Union Oil Company series is housed in one (1) box with CCA series, CFCA series, and Agricultural Hall of Fame series. Included are the Certificate of Incorporation, Articles of Agreement, Affidavit of Dissolution of Cowden Oil Company, correspondence, minutes, magazines and newspaper publicity and advertising, radio talks, and speeches, and three (3) scrapbooks with photographs.
The Agricultural Hall of Fame series is stored in one (1) box with CCA series, CFCA series, and Union Oil Company series. It contains the Articles of Incorporation and By-Laws (1958-1961), newspaper clippings (1980-1990), visitors guides (1960-1981), photographs, printed materials with titles such as "What's the Agricultural Hall of Fame Development Program All About?" and "How Farmers Can Take Part in Building the Agricultural Hall of Fame Through Their Local Cooperatives."
Stored in five (5) boxes and two (2) shared boxes and five (5) oversize items, the Farmland Artifacts series contains awards, a keychain that reads "Farmland, Proud to be Farmer Owned," a coffee cup that reads "Co-Op Quality Paint," a deck of playing cards that reads "Co-Op Feed Mill Dedication, Farmland Industries, Inc.," golf tees, paperweights, wooden gavel, a red and white apron that reads "Use Co-Op Products," and a color plate of Co-Op Red and Co-Op Blue. The series also includes one (1) ceremonial shovel dated December 1, 1959, a Recognition Board that reads in part "In Recognition Members of the Original Consolidated Board of Directors of FAR-MAR-CO, Inc." with a list of board members dated June 1, 1968-March 1969, and a silver metal sign that reads "Consumers Cooperative Association" with a list of board of directors dated 1956. It also includes a Bell & Howell Model 1550B 16mm film projector. Note one shared box is with the Women's Cooperative Guild series and the other shared box is with the Farmland Industries series.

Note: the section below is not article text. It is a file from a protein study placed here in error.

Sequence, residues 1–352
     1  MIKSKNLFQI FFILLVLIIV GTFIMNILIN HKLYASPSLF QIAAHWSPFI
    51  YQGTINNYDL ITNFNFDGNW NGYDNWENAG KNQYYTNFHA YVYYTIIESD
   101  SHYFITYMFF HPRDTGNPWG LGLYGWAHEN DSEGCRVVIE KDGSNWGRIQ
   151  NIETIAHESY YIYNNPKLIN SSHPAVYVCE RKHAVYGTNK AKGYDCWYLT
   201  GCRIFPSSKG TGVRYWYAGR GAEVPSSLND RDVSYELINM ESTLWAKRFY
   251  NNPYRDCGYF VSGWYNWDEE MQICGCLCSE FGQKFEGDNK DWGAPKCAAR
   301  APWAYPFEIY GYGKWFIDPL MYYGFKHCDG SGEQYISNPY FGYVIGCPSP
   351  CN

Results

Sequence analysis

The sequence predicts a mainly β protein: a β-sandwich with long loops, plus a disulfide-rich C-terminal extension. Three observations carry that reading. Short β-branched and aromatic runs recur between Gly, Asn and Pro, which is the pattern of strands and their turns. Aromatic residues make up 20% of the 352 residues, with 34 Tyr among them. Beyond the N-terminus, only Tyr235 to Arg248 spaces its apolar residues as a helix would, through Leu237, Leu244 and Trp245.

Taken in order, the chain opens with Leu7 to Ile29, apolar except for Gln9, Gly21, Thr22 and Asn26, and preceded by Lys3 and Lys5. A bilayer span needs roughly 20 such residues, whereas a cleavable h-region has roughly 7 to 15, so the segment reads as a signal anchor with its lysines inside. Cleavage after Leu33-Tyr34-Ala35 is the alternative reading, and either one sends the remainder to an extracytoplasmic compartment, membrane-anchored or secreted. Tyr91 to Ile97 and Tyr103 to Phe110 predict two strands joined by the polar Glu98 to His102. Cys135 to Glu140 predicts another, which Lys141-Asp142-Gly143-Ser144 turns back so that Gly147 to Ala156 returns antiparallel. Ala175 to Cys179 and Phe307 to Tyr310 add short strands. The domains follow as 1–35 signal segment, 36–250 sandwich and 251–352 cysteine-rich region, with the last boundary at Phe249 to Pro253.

Farmland Oversize series are stored in nine (9) boxes and two (2) map cabinet drawers. Included are advertising posters, newspaper clippings, bound advertising pages, photographs, calendars, two (2) scrapbooks, Ken Burdette Sketches, a drawing of Farmland Foods Plant, banners, blueprints, and watercolor paintings. The advertising posters include wheat, farm fuel, and John Denver's TV Special, Farmland Mission Statement, and Farmland Service Pledge. The photographs include aerial photographs, photographs of Howard A. Cowden, barges, harvesting, CCA, National Ag Center, Phillipsburg Refinery, annual meetings (1937-1953), Farmland oil products, and crops. The two (2) scrapbooks contain Co-Op Store Campaign Advertisements and information on presenting Farmland Industries. There are three (3) Ken Burdette sketches. One of Arthur Capper, one of Andrew Volstead and the third of is the mural that was inside the Farmland Headquarters reception area. There are six (6) banners in this series. One banner is painted on oilcloth and reads "Kansas Grassroots Says Stop Floods and Drouth The Watershed Way." Another banner is painted on canvas and reads "Funds Flow Chart, Consumer Cooperative Association, 1947." The other four (4) banners are vinyl and they promote the Phillipsburg Refinery, Farmland, Co-Op, and AG 21. Included in the blueprints are those of Farmland Headquarters and complex and warehouse additions in Iowa and Colorado. There are two (2) watercolor paintings. One of Heartland Wheat Growers Wheat Starch and Gluten Production facility in Russell, Kansas, and the other of the Portland Head Lighthouse.